How would you feel if you received something for free and were asked to return it? Zavvi accidentally sent shoppers game consoles and then threatened legal action if the customers didn’t return them.
It was an unfortunate mistake when, last month, Zavvi sent some customers PlayStation Vitas instead of the video game they’d actually ordered. The trouble is – there’s a rather large price difference between the two, with the console priced at £169.99 and the game at £19.99. Customers in receipt of the goods probably thought Christmas had come early!
Zavvi has sent the customers who chose to see it as an early gift from Santa a letter threatening legal remedies if they don’t return the offending console.
Santa comes early for game fans
Some customers believed that legally, they did not have to comply – claiming that the Distance Selling Regulations say that if you are sent unsolicited presents, you can treat them as an unconditional gift and do with them as you choose. But is this true?
Unfortunately, the answer to this is no. If you have received goods by mistake, you are not legally entitled to keep them under the Distance Selling Regulations. According to our lawyers, in any legal action, the ruling is likely to be that the item should be returned because it was sent in error.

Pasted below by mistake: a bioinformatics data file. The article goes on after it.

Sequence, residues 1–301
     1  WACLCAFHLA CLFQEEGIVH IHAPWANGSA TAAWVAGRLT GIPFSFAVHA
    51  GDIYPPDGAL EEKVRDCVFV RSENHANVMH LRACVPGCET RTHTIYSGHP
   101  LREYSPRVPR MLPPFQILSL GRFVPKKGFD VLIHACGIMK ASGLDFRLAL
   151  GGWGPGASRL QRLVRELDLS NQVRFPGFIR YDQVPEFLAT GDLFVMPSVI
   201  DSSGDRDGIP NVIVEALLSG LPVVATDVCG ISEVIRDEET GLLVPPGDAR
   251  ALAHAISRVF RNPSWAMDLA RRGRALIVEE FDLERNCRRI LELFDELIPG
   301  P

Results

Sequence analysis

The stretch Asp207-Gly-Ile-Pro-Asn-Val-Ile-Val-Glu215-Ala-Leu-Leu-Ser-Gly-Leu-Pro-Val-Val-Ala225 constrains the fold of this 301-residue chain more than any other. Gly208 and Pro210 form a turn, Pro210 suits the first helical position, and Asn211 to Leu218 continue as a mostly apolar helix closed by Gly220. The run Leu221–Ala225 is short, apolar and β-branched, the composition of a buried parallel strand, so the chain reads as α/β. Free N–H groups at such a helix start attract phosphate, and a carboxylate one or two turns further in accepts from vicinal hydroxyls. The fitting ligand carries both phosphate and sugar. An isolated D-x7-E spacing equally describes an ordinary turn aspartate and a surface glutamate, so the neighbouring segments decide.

So, even if it seems like Zavvi has turned Scrooge, if you do have a PS Vita, you may need to send it back.
Honouring pricing mistakes
This is not the first time shoppers have benefited from technical errors. Back in March, some hopeful bargain hunters had to return items to Debenhams after an online price glitch online meant hundreds of items had a discount of 99%. Tesco and Next have also tripped up with accidentally advertising products at heavily discounted prices.
You’ve had mixed views on this issue in the past – Sandra Whitehouse was concerned that someone had to be held accountable:
‘I do not think they should have to honour a pricing mistake. Nobody should profit from someone else’s mistake. Someone somewhere is going to be in trouble for this surely, let’s be fair.’
But Tulip Bicycle disagreed:
‘I think they should honour a pricing mistake once they have taken your money, even if they realise before the goods have left their warehouse.’
So where do you stand – would you return an item that was sent in error? Does the value of the item affect your judgement call? And does a retailer’s response to situations like this affect how you view their customer service?